3. You can’t just manage the symptoms. You have to deal with whatever you’re not dealing with. While you can learn how to breathe your way through a panic attack, if you don’t address what’s causing the problem and try to fix it, it’s just going to keep happening. Last year I experienced the most loss I’ve ever experienced in my life. I held a close family member as she died. I held my dog as he died. I did this in a pandemic when gathering with others for support or even funerals was not possible. I thought I handled it as well as anyone could. I cried a little and kept my life moving forward as best as I could. It wasn’t until this spring that my grief exploded into waves of panic and despair and my life became unmanageable. I got back into therapy and my doctor upped my Lexapro. Within a few months things started to feel a little better. Now they feel a whole lot better. I started reading a lot of Brene Brown, because what she writes about vulnerability and perfectionism resonates with me more than anything I’ve ever read in self-help books (and I’ve read them all). If there is something you know you haven’t dealt with, there is no time like the present. It will never feel like the right time to deal with death, or a divorce, or a rejection, or a job loss, or abandonment, or body image issues, etc. but I guarantee that the longer you wait to deal with what ails you, the harder it will be to sort.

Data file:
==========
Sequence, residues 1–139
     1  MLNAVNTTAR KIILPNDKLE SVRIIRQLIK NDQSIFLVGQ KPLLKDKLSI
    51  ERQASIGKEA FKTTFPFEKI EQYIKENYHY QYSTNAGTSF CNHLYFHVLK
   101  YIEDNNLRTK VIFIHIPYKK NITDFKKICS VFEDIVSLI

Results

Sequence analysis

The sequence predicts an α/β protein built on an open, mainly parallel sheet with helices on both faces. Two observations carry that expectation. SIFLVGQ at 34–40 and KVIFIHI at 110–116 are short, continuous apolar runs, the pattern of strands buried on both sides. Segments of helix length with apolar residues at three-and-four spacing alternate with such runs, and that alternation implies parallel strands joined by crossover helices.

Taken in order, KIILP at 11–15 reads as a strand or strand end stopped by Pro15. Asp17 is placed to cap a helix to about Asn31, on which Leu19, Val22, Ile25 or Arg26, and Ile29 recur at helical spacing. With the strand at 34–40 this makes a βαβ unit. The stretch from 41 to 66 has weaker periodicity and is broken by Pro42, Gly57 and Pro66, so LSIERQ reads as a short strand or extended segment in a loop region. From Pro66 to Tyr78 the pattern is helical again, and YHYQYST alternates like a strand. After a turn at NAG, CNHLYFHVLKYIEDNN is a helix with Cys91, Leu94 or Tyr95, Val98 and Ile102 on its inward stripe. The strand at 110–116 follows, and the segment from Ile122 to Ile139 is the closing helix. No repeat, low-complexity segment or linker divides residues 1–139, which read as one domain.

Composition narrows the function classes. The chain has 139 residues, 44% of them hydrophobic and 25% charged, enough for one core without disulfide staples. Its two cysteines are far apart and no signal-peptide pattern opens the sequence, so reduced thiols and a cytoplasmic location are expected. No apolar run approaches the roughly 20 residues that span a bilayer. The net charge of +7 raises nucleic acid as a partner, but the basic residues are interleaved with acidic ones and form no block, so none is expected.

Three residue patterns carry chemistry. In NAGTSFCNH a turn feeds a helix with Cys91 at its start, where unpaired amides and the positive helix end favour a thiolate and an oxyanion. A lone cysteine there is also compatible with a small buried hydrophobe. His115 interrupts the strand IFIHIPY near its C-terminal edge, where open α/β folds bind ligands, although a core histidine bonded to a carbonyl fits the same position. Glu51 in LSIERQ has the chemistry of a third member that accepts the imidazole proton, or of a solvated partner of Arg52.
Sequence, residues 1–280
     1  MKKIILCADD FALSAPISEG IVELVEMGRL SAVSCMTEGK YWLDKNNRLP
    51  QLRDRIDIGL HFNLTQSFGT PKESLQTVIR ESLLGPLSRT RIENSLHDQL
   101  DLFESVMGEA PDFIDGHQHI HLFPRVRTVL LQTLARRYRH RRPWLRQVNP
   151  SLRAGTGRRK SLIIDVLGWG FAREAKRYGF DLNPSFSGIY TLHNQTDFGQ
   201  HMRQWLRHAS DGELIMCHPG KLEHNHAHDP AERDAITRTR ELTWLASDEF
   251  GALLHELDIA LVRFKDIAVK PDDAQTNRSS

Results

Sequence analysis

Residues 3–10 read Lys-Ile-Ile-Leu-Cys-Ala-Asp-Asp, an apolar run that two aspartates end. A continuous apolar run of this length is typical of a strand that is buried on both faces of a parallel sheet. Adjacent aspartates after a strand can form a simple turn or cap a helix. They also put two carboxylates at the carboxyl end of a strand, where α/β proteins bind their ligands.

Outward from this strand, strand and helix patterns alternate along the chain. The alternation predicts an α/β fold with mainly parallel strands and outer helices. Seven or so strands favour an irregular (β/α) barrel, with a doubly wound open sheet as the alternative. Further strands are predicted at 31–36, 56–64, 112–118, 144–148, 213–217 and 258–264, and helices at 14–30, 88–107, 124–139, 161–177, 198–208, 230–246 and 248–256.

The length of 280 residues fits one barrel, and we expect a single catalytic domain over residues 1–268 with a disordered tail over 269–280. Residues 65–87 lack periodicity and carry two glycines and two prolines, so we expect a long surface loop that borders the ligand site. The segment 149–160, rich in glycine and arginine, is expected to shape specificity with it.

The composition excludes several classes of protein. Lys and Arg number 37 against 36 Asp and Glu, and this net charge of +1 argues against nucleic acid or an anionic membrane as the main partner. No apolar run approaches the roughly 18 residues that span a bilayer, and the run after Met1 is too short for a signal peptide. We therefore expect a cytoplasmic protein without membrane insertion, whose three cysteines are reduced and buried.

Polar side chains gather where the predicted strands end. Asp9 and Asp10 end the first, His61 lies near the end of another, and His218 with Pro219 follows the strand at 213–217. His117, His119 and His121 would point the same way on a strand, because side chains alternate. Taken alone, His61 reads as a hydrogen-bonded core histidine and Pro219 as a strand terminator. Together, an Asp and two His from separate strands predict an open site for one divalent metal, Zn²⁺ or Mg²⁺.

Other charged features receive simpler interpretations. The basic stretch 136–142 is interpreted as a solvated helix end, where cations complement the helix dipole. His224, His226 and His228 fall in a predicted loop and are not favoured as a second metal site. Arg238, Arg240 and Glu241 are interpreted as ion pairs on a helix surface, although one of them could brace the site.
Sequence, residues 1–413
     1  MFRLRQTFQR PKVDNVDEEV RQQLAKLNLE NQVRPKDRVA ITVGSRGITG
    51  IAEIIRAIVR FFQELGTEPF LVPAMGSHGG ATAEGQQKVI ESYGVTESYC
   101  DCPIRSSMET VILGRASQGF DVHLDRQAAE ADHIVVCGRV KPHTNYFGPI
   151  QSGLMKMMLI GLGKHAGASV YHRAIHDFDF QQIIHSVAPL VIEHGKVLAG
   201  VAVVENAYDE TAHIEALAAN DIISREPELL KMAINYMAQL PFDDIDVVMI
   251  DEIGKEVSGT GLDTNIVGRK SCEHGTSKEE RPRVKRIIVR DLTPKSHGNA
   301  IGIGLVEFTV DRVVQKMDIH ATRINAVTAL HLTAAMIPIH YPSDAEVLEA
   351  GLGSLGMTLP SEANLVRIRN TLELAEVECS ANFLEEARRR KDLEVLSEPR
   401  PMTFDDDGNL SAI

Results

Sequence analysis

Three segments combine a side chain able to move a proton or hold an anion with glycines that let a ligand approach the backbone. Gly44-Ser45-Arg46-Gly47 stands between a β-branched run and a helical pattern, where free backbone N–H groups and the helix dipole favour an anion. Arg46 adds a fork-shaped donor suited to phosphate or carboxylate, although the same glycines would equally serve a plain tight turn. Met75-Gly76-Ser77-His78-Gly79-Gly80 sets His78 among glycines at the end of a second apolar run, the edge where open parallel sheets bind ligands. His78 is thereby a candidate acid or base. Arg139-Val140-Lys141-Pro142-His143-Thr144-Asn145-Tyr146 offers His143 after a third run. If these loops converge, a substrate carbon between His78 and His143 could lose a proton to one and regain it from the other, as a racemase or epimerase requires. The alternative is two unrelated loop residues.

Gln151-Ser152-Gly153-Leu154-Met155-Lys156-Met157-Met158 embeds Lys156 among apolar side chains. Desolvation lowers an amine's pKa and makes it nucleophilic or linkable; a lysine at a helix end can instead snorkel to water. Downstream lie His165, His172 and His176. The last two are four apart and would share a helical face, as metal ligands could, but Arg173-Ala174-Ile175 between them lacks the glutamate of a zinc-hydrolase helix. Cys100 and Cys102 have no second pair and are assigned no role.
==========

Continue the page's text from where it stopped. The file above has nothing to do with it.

4. Anti-depressants work, but they don’t do all the work. I’ve taken Lexapro for the last eight years. Will I be on it for the rest of my life? As long as the benefits continue to outweigh the side effects, absolutely. I feel no stigma whatsoever about popping a happy pill every morning, and neither should you. It took me a while to get here, though. Before finding the right drug and dosage for me, I tried Celexa, Zoloft, Paxil, Trazadone, Ativan, Xanax, Wellbutrin, and Abilify. I’ve also experimented with holistic and alternative approaches like magnesium supplements, St. John’s Wort, CBD, essential oils, acupuncture, psychics, mythic astrologers, etc. If you’ve tried one (or five) of the above and nothing has worked, don’t give up. There is probably some combination of some drug and therapy out there that can help you. But don’t make the mistake I made and think that a pill alone can fix what’s broken. That’s because…